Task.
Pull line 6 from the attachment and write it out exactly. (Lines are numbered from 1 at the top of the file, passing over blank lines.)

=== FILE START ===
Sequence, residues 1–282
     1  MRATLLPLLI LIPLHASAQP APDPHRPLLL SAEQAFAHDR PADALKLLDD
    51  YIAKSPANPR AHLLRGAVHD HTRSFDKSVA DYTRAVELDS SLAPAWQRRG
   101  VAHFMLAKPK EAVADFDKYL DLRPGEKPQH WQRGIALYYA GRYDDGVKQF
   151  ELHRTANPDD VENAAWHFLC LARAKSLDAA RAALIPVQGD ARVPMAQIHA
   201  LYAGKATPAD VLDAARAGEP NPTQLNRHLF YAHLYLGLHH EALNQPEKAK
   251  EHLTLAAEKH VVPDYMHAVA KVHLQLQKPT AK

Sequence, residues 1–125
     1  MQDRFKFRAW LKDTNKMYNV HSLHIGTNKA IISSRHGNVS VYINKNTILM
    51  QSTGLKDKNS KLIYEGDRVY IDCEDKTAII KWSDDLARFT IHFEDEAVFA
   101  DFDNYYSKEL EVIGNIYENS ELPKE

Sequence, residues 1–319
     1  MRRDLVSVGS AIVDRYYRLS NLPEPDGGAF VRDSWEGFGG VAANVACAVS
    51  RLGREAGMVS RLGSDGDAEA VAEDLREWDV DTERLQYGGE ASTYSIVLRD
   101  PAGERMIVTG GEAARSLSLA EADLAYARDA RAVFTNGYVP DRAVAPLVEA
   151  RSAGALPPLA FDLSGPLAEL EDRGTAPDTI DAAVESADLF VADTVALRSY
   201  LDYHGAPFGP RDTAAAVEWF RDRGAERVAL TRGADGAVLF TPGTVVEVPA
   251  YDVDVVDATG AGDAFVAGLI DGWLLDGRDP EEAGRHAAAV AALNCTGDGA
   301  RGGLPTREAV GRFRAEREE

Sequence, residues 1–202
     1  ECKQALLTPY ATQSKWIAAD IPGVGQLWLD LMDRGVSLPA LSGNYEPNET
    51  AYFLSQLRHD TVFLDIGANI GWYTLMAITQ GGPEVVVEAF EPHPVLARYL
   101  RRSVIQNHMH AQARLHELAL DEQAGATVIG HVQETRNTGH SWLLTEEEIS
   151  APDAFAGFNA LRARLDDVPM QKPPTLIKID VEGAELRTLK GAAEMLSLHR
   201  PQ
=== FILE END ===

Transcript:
   201  LYAGKATPAD VLDAARAGEP NPTQLNRHLF YAHLYLGLHH EALNQPEKAK